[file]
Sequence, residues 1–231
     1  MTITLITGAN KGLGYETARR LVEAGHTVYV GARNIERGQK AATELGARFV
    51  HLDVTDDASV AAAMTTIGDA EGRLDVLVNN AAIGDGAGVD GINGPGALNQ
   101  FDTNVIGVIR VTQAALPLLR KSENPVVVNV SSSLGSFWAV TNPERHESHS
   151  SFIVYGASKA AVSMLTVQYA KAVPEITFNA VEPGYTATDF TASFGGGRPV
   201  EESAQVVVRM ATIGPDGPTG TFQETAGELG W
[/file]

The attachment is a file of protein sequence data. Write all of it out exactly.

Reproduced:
Sequence, residues 1–231
     1  MTITLITGAN KGLGYETARR LVEAGHTVYV GARNIERGQK AATELGARFV
    51  HLDVTDDASV AAAMTTIGDA EGRLDVLVNN AAIGDGAGVD GINGPGALNQ
   101  FDTNVIGVIR VTQAALPLLR KSENPVVVNV SSSLGSFWAV TNPERHESHS
   151  SFIVYGASKA AVSMLTVQYA KAVPEITFNA VEPGYTATDF TASFGGGRPV
   201  EESAQVVVRM ATIGPDGPTG TFQETAGELG W